August 2013 Bar Bulletin
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August 2013 Bar Bulletin

It's "1776" All Over Again: Public Employee Restrictions on Political Participation Loosen

By Karen Sutherland


For many years, public sector employers were restricted from running for partisan office. These restrictions come as a surprise to many people who thought the right to run for office was a basic right such as voting and petitioning the government.

The primary source of these restrictions was a 1939 law entitled "An Act to Prevent Pernicious Political Activities,"1 generally known as the Hatch Act in recognition of Sen. Carl Hatch of New Mexico. In a nutshell, the Senate Campaign Expenditures Committee found that Works Progress Administration (WPA) finances had been diverted for political purposes in the campaigns of 1938.2 Sen. Hatch drafted legislation that became the Hatch Act to prevent a reoccurrence in future elections.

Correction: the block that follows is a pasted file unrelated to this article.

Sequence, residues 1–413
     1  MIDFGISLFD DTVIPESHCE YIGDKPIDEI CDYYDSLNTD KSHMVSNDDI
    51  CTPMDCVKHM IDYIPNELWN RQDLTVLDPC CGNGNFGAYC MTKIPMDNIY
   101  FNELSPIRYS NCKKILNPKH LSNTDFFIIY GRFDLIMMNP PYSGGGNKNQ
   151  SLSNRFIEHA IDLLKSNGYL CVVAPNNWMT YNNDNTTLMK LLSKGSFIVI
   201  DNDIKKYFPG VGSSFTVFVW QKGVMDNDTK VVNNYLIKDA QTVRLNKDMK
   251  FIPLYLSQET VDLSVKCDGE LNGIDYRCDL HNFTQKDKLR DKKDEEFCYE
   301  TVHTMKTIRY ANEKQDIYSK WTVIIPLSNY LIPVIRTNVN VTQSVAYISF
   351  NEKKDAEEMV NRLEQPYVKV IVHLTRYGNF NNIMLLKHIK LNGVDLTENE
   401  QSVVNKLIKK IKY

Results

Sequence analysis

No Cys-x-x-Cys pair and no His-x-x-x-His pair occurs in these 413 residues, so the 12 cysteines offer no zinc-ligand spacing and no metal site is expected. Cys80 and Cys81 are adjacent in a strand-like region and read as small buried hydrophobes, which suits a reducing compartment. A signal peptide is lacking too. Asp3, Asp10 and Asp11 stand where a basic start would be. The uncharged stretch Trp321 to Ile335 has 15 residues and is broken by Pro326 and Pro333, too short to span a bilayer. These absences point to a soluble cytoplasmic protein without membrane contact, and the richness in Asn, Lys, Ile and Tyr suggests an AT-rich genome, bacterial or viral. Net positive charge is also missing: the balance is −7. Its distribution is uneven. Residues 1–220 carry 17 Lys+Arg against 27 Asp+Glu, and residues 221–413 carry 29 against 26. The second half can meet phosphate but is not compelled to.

72 Years of Restrictions on Running for Office

The Hatch Act was intended to stop certain federal employees from influencing elections, among other things. It was expanded by amendments in 1940 to cover certain state and local government employees whose positions were financed with federal funds.3

Among other things, the Hatch Act prohibited state and local officers and employees from being candidates for elective office if they worked in connection with programs financed in whole or in part by federal loans or grants. There was an exception for offices where none of the candidates was nominated or elected as representing a party "any of whose candidates for Presidential elector received votes in the last preceding election at which Presidential electors were selected."4

In other words, running for nonpartisan office was allowed, as was running for office on a partisan ticket if all the parties were local.5

Restrictions Loosen in 2013

The Hatch Act was amended by the Hatch Act Modernization Act (HAMA) of 2012.6 Among other things, the 2012 amendments scale back the provision forbidding certain state and local employees from seeking elective office. The changes became effective January 27.

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